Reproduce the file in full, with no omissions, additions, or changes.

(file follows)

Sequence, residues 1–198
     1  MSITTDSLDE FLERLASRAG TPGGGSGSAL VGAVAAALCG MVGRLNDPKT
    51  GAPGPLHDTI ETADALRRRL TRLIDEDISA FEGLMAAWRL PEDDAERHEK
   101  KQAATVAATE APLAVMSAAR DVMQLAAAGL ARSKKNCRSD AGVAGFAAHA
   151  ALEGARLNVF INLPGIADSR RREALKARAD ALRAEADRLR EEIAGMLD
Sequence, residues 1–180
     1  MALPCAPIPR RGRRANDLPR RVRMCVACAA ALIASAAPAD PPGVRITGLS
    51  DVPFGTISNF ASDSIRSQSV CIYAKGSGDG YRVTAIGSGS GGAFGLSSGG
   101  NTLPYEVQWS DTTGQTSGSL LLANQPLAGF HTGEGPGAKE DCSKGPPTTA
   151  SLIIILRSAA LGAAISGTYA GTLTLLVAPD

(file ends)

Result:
Sequence, residues 1–198
     1  MSITTDSLDE FLERLASRAG TPGGGSGSAL VGAVAAALCG MVGRLNDPKT
    51  GAPGPLHDTI ETADALRRRL TRLIDEDISA FEGLMAAWRL PEDDAERHEK
   101  KQAATVAATE APLAVMSAAR DVMQLAAAGL ARSKKNCRSD AGVAGFAAHA
   151  ALEGARLNVF INLPGIADSR RREALKARAD ALRAEADRLR EEIAGMLD
Sequence, residues 1–180
     1  MALPCAPIPR RGRRANDLPR RVRMCVACAA ALIASAAPAD PPGVRITGLS
    51  DVPFGTISNF ASDSIRSQSV CIYAKGSGDG YRVTAIGSGS GGAFGLSSGG
   101  NTLPYEVQWS DTTGQTSGSL LLANQPLAGF HTGEGPGAKE DCSKGPPTTA
   151  SLIIILRSAA LGAAISGTYA GTLTLLVAPD